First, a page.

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Workers' Health and Colonial Mercury Mining at Huancavelica, Peru

From: The Americas
Volume 57, Number 4, April 2001
pp. 467-496 | 10.1353/tam.2001.0030

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The Americas 57.4 (2001) 467-496

Mining had far-reaching ecological consequences throughout much of colonial Spanish America. It deformed the landscape, introduced pollutants such as sulfur, mercury and salt into the biosphere, and caused human settlement of sparsely populated or uninhabited regions. Forests succumbed to the charcoal makers' axes. Workers' lungs filled with silicosis-causing dust. Cave-ins snuffed out lives or crippled those they spared.

As unhealthy as mining was elsewhere in Spanish America, it was reported to have been especially harmful in the central Andes at Huancavelica. Workers there suffered the common diseases and injuries associated with the industry such as respiratory disease and broken limbs. They also had to overcome the challenges of arduous labor at high altitude. Most pernicious of all was the toxic nature of the mercury they were mining. Colonial critics asserted that Huancavelica was an environmental tragedy that placed workers in exceptionally dangerous conditions in order to produce the mercury needed by silver refiners to amalgamate and refine their ores. The critics claimed that the mercury mines' human cost was immoral, yet their cries of despair and outrage could not overcome quicksilver's crucial importance to the imperial economy. Killing and maiming, Huancavelica earned for itself an infamous reputation as the mina de la muerte (the mine of death).

The following analysis examines the consequences for workers' health of colonial Huancavelica. One of its aims is to describe the environmental impact of Huancavelica's mines and refining plants on those who worked there. Early modern mining was, of course, unhealthy everywhere, not only Huancavelica. Because it is important to provide some basis for evaluating Huancavelica's dangers, this study makes a number of comparative references to conditions at Almadén, the Spanish crown's other mercury mines, as a way of placing Huancavelica's dangers in historical context. The documentary record for Almadén also contains medical descriptions of mercury toxicology suffered by early modern mine workers, and some of these are included to supplement the surviving documentary evidence from Huancavelica about the health risks confronted by mercury miners. Of course, the true dimensions of mercury toxicology are much clearer to modern science than they were to observers at Huancavelica and Almadén. Therefore, this study also refers to modern medical and environmental literature to show how extensively mercury contaminated workers and their environment. Another aim is to evaluate how Huancavelica's working conditions changed over time and to what extent the mines' horrific reputation remained valid later in the colonial period. The study divides the mines' history into three main periods, which reflect technological and environmental changes at Huancavelica that affected working conditions. This permits a more nuanced treatment of how those conditions changed over the colonial era. A final objective is to determine the level of mortality caused by the Huancavelica mercury mines. Colonial critics claimed that Huancavelica slaughtered Andeans forced to labor there. Lack of specific data makes it impossible to calculate precise mortality rates for Huancavelica's workers, but it is possible to glean a rough idea of how many deaths the mines caused and how mortality rose and fell over the colonial period.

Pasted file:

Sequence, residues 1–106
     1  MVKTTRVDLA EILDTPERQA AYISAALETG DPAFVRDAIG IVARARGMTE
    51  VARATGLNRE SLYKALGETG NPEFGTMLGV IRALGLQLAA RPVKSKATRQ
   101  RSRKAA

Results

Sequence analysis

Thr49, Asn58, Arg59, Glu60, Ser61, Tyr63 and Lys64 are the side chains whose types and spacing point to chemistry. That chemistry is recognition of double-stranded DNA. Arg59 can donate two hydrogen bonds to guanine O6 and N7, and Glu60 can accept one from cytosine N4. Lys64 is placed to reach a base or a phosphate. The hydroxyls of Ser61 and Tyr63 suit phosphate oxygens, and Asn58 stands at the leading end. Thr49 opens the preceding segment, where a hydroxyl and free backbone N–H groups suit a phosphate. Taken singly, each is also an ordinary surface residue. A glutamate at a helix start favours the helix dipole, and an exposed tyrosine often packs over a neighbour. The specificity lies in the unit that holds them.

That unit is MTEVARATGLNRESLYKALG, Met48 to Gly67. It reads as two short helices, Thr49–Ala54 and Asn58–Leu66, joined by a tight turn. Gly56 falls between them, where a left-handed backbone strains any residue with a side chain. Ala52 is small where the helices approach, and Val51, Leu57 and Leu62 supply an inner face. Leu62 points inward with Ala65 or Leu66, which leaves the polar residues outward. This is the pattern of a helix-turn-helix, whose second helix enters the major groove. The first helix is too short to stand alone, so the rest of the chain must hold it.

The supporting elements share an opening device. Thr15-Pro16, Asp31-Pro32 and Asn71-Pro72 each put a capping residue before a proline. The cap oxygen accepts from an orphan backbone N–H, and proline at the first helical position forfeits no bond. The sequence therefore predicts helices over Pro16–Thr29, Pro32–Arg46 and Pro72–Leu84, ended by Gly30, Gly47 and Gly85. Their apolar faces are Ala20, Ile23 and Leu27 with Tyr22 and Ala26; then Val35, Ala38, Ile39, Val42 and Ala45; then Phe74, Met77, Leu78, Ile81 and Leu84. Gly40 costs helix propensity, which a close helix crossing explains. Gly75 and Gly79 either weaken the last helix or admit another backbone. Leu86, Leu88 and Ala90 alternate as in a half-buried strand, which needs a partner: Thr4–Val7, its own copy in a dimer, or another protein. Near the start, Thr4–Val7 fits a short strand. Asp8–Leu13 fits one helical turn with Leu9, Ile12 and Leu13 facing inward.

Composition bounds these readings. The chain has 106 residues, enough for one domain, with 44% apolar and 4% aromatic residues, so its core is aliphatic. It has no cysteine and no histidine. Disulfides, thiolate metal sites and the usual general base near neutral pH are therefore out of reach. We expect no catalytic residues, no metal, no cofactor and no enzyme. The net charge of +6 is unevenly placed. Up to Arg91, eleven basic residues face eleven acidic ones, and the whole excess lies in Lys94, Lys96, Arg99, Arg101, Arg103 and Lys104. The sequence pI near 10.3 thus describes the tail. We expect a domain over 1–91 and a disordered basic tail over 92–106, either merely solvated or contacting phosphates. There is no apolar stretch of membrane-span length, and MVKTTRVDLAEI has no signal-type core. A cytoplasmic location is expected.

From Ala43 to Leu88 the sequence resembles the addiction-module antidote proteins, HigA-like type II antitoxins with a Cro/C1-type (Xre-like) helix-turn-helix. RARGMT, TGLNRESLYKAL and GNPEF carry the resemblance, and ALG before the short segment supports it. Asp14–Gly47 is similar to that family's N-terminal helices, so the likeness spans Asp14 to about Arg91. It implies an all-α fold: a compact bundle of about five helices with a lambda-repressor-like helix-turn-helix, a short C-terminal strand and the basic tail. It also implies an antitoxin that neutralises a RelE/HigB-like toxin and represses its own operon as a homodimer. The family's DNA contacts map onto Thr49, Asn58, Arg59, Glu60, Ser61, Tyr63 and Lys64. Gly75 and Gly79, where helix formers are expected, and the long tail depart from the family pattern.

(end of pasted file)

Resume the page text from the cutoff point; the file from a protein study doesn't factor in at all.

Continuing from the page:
Andeans had mined the Huancavelica deposits before the Spaniards' arrival. They extracted bright red llimpi or cinnabar (mercuric sulfide) which they used in sacrificial rites, for painting warriors' bodies, and as cosmetics for the Inca's wives and other elite women. They probably also collected native mercury. After the kuraka (ethnic lord) of the Angaraes people revealed the large and exceptionally rich cinnabar deposits to Amador de Cabrera in late 1563, he and other Spaniards staked claims and began mining cinnabar and distilling mercury. Initially they sold it to Mexico, where silver refiners used it to amalgamate their ores. When amalgamation was adapted to the ores at Potosí in the early 1570s, demand for Huancavelica's mercury surged. After 1580 Potosí's Spanish refiners turned almost exclusively to amalgamation and depended on mercury from Huancavelica to produce silver, although indigenous high-graders continued to process rich ores with guayras , their traditional smelting ovens.

Meanwhile, Viceroy Francisco de Toledo had arrived in Peru in 1569, and he quickly understood Huancavelica's importance to royal...

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